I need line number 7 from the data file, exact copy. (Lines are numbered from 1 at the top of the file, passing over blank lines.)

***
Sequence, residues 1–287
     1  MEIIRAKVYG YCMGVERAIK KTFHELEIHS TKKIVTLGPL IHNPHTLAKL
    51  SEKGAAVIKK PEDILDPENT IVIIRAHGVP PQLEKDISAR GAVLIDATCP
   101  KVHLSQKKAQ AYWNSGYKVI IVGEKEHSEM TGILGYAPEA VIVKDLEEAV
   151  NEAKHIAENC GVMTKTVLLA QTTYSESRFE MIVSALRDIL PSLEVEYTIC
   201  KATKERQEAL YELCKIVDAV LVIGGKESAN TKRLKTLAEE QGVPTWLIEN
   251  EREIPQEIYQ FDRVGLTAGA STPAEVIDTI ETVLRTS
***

   251  EREIPQEIYQ FDRVGLTAGA STPAEVIDTI ETVLRTS